AZ Republic (PHX) - pg 18 - 1-12-1961 - Page School by GCCity res.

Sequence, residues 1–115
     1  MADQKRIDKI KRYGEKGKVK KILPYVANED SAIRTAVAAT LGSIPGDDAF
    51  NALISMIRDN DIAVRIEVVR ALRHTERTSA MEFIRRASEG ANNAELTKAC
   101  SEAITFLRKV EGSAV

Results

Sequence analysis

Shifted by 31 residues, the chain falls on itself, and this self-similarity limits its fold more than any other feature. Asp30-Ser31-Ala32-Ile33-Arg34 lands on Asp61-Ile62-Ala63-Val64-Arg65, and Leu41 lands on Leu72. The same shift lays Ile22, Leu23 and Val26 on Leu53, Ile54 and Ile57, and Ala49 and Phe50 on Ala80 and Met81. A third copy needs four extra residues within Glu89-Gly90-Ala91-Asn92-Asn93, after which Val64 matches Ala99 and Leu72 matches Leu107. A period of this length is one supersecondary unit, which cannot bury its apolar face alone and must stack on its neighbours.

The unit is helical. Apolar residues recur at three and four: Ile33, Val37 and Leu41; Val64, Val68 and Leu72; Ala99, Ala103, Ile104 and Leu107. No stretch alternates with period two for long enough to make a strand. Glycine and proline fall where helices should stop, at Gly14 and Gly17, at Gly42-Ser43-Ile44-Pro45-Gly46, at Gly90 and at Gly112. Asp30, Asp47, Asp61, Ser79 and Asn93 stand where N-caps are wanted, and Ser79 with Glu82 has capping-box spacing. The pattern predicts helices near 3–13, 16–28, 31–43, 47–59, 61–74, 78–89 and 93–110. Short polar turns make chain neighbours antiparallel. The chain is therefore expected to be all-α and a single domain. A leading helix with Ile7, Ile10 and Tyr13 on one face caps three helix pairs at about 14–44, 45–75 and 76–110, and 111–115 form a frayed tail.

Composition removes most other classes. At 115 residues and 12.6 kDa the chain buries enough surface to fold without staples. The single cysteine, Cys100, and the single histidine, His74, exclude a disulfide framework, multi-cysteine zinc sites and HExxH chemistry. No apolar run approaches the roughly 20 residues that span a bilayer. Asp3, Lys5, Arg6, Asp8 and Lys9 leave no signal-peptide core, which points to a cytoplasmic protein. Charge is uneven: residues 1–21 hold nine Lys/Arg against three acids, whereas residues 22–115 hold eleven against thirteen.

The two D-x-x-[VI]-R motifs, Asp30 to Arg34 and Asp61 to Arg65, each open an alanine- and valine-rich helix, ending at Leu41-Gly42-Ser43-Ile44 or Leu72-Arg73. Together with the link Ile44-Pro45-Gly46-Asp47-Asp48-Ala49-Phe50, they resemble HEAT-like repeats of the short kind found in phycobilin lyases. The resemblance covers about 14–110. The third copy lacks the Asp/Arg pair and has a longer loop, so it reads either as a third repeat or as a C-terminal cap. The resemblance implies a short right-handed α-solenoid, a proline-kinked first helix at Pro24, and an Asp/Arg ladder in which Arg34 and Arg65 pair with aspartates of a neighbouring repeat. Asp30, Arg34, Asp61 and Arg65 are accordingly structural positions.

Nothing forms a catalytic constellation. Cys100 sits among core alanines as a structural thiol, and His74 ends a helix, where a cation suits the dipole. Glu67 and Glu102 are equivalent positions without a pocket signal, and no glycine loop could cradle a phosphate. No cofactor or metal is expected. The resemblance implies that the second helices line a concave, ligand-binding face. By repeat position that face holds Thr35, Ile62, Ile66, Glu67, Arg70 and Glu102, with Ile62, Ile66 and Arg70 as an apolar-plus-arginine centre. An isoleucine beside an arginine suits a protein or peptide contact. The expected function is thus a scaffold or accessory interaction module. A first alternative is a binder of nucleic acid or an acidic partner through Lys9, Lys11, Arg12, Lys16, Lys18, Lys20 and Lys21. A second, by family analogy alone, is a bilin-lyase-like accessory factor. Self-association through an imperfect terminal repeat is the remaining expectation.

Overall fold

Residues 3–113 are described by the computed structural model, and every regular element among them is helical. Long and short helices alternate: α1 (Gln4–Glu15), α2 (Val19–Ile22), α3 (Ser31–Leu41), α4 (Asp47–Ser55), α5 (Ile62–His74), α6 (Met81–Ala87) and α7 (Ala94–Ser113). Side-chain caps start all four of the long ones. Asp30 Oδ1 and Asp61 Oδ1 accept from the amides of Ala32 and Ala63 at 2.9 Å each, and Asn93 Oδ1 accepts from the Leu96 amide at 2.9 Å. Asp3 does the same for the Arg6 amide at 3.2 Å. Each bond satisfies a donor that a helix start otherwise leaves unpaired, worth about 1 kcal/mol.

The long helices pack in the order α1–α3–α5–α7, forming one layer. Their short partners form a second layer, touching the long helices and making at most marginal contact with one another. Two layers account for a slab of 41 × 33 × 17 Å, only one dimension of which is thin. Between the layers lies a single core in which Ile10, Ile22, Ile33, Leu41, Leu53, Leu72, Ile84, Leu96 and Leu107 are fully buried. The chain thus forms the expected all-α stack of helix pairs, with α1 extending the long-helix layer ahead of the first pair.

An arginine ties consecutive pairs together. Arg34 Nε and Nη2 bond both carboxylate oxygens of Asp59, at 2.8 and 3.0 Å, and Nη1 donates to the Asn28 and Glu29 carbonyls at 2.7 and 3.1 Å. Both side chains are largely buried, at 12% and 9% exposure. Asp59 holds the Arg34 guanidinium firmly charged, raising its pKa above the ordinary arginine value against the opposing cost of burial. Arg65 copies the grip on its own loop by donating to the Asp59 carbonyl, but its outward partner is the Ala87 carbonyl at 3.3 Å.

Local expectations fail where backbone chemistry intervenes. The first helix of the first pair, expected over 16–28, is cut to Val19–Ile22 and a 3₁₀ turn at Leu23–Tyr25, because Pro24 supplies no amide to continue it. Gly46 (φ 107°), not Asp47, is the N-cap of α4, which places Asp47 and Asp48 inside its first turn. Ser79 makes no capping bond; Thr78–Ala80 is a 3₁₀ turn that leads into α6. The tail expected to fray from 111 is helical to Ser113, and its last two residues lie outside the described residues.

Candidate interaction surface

Republic Photo PRESENT CASE—Arguing that Arizona should enroll their children at Page school, three young mothers from Glen Canyon City, Utah, present their case to Governor Paul Fannin at a meeting in his office. From left are Mrs. Dale C. Brown, Mrs. Jere Bass and Mrs. James Meyer. Later yesterday, with six other mothers from the Utah community, they paraded in front of the Capitol carrying signs saying "Please Educate Our Children," "Little Little Rock," "Only 19 Miles To Page. Let Our Children Go." (Picture on Page 1.) Fannin Attempts To Aid Page School Protesters Nine mothers from Glen Canyon City, Utah, ' held a heated conference with Gov. Paul Fannin and carried out their threat to picket the state Capitol yesterday. The women were protesting a 124-mile round trip their chi- dren must make daily to attend schools in Kanab, Utah. They demand the youngsters be admitted admitted to Page School in Arizona, Arizona, a 40-mile round trip. Fannin, in an effort to placate the mothers, talked by telephone with Gov. George Clyde of Utah, Coconino County officials; and Merritt-Chapman & Scott, prime contractors at the Glen Canyon Dam. Mrs. Dale Brown, spokesman for the mothers, said the meeting meeting with Fannin settled nothing. "We won't quit until we win. If we can raise the money we will go to Washington," she declared. declared. 'The problem was caused by the lack of trailer court facilities at Page, where the husbands of the women work. The mothers claim the Page School was built by the federal government for the children of Glen Canyon Dam workers, without regard to state lines. WHY CANT WE USE this school and live where we want to live?" one mother asked. Fannin answered, "We have rules and regulations that must be followed." Another angry mother snapped, "This is just like Little Rock (Ark.)." Fannin, after talking with the contractors, said they assured him that 84 more trailer spaces will be available at the Page trailer park by the weekend to accommodate families of workers workers wanting to move to Page from Glen Canyon City. "This doesn't solve the problem," problem," Mrs. Brown said. "Many of the families just don't have the money for such a move; many others are renting trailers and none is available now in Page; others are buying their trailers and the owners won't let them move out of the community community until they're paid for." Fannin called Coconino County officials with this proposition: Admit Glen Canyon City youngsters youngsters to the Page School immediately immediately if it, appears that their families will be able to move into Page in the reasonably near future. COCONINO OFFICIALS, Fannin Fannin said, told him they would reply to the proposition as soon as they learn how much tuition Kane County, Utah, schools will pay to send the children to school in Page. The Coconino County School Board is asking $523 per pupil, whereas Kane County school officials officials have offered $323 per pupil, plus transportation costs. Unsettled is an additional $180 which Coconino County officials demand, and Kane County officials officials refuse to pay unless written written assurance is received that the money will be refunded by someone, presumably the State of Arizona or the federal government. Clyde told Fannin that the Utah state superintendent of public instruction was in Kanab yesterday seeking a solution to the problem. Fannin said he and Clyde will confer again after the Utah governor gets the superintendent's superintendent's report. Fannin also said Clyde will recommend that Kane County pay full tuition for children of Glen Canyon City residents whose employment is not connected connected with the dam project and who are not eligible for places in the Page trailer court. Peru, Ecuador Hurling Insults Across Border LIMA, Peru (AP) — Peru and Ecuador are hurling insults at each ..- 0 „ ..of other^ across their disputed border and backing them up with '"' " oil like moves. Troops are massed on both sides of the frontier. Patrol planes fly overhead. Warships are alert. One neutral diplomat here says: "It's not too likely that war